When she was a high school freshman, budding entrepreneur and self-described people person Lauren Feyh needed an outlet, so she turned to volunteering. “I knew I wanted to work with older adults because I’ve always had a good relationship with my grandparents,” says Feyh, who is bright and gregarious. “I talk to people constantly,” a skill she says is one of her greatest assets.
Today Feyh holds a degree in Gerontology from Bowling Green State University and has dedicated herself both professionally and personally to working with older adults and nursing facilities. But that wasn’t part of her original plan, she switched her major from Applied Health Sciences to Gerontology after speaking with her advisor who recommended she try it out as a course of study. The Gerontology program requires students to complete 50 hours of volunteer service with older adults and it was during that time that Feyh came to a realization, “the more time I spent working with nursing facilities the more I realized the sector is underrepresented with volunteers… that was a turning point for me.”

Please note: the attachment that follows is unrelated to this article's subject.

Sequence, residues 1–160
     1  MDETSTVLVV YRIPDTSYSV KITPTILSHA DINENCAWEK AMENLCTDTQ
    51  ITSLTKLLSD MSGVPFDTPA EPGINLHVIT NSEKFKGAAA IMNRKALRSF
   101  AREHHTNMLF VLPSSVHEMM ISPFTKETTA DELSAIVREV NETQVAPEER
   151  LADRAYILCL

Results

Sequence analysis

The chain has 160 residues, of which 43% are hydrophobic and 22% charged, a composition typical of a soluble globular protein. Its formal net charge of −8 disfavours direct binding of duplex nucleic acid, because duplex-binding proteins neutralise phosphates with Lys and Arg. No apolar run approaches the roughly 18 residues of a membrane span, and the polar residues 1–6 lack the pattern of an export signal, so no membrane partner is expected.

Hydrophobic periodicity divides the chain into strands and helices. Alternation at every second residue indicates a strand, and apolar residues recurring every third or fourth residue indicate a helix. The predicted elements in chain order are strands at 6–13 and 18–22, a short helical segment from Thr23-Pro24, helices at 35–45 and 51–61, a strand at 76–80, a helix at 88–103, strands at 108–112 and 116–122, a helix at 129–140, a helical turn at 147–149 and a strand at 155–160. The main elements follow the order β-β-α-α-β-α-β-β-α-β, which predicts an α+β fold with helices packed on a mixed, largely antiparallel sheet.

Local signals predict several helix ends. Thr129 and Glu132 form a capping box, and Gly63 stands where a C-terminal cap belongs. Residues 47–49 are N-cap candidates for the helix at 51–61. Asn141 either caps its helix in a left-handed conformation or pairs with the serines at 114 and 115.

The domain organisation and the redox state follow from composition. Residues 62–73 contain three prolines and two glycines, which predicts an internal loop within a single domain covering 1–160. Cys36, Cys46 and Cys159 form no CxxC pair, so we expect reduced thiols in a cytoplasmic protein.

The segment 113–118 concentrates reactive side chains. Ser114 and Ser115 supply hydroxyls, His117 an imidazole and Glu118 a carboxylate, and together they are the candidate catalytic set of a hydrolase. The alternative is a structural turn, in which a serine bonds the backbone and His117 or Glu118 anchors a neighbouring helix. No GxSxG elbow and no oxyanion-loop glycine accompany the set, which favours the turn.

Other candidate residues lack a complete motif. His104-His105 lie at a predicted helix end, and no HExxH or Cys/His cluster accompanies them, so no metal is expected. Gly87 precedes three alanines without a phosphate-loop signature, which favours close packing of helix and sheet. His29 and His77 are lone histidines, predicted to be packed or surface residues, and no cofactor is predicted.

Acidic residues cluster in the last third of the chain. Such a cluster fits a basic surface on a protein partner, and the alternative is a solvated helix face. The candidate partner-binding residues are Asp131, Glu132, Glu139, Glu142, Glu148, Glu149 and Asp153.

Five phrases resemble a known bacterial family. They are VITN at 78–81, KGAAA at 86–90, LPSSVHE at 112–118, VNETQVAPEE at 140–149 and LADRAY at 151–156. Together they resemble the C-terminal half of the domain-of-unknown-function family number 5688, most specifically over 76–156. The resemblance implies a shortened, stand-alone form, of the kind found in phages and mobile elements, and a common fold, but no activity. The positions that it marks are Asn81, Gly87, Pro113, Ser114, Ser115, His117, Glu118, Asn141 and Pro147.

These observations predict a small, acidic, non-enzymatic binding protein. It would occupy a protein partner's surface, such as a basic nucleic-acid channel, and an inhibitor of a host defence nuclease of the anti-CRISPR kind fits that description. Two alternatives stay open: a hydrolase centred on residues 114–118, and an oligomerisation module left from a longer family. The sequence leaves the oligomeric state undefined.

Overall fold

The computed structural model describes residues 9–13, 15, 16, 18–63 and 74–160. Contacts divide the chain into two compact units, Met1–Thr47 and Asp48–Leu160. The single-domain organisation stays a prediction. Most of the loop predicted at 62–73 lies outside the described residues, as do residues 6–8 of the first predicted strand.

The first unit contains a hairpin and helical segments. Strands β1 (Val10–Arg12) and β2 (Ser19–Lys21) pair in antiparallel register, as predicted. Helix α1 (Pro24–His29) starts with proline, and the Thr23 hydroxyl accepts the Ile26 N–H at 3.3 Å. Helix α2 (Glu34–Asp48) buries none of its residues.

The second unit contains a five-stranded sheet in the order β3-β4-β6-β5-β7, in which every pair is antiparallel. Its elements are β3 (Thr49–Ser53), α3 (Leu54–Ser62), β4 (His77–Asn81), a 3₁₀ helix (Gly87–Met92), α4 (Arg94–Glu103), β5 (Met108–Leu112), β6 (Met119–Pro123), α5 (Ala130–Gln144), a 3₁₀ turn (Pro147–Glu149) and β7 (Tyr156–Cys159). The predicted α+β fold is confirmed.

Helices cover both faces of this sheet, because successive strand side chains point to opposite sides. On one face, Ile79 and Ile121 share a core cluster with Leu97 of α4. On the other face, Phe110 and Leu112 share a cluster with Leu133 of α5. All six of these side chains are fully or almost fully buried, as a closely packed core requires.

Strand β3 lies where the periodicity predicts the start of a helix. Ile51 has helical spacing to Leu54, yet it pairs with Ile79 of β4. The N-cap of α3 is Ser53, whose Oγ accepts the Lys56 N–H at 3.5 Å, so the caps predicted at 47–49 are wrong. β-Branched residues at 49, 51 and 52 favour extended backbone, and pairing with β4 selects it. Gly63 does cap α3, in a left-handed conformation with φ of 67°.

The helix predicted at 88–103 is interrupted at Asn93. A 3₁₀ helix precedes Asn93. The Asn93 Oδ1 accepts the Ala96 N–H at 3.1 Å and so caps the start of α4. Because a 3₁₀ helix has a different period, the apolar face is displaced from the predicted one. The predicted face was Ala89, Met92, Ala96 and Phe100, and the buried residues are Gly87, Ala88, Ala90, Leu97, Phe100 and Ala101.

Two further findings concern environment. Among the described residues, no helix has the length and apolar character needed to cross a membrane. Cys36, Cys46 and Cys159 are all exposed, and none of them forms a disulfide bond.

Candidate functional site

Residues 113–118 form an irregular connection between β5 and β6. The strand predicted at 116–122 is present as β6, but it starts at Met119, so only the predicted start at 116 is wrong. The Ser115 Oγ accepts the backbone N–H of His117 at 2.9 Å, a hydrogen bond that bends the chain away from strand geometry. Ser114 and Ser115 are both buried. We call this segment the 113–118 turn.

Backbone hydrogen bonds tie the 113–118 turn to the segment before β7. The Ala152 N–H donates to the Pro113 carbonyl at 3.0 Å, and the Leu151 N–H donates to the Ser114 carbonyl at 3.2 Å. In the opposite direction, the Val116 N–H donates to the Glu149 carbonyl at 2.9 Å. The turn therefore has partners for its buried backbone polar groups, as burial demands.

During her junior year, the University’s Student Gerontology Association appointed Feyh as volunteer coordinator where she helped enforce the spirit of volunteerism among the group’s members. There, she helped more than 15 facilities in the Wood County area recruit volunteers for their efforts, “the job was right up my alley… In a two year period I went from coordinating 10 volunteers to 33.”
This past year, Feyh, a proponent of intergenerational programming, established a program that pairs up high school students with residents of nursing facilities. She cites her network of mentors and supporters as the group responsible for helping her implement and expand this effort. The program which lasts for eight weeks pairs up 50 area high school students with 40 residents at Willow Brook Christian Community Campus based on their interests and personality profiles. Each week, the groups meet up, chat and do activities. And, after the eight weeks are up, the pairs present what they have learned from each other in creative and compelling ways at a program banquet. “The smiles are the greatest reward,” says Feyh, whose hopes for this program are not only to bring younger volunteers into the fold but also to make the program fun and engaging so that the students continue to come, of their own volition.
Feyh believes that the key to success is “to go out and make yourself known.” And Lauren Feyh, today’s Daily Point of Light Award winner has been doing just that: making herself known through volunteer service within her community for more than five years. “I have the drive to go out and ask for help because I have first-hand experience.” Feyh aspires to become the CEO of her own nonprofit, geared towards intergenerational programs but, for now, “I want to get as many volunteers into the [nursing] facilities as possible.”